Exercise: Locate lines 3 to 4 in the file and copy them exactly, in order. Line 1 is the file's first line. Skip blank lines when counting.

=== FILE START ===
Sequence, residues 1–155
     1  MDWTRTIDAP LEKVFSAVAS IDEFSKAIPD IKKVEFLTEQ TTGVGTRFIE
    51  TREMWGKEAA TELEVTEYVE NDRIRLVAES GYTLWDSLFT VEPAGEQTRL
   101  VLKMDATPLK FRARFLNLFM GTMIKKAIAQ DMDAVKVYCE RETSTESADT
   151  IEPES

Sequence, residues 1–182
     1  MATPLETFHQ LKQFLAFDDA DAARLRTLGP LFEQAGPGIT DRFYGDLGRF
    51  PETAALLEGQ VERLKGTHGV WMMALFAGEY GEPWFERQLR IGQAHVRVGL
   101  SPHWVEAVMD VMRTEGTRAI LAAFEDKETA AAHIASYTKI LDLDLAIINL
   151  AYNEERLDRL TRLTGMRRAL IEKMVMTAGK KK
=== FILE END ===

    51  TREMWGKEAA TELEVTEYVE NDRIRLVAES GYTLWDSLFT VEPAGEQTRL
   101  VLKMDATPLK FRARFLNLFM GTMIKKAIAQ DMDAVKVYCE RETSTESADT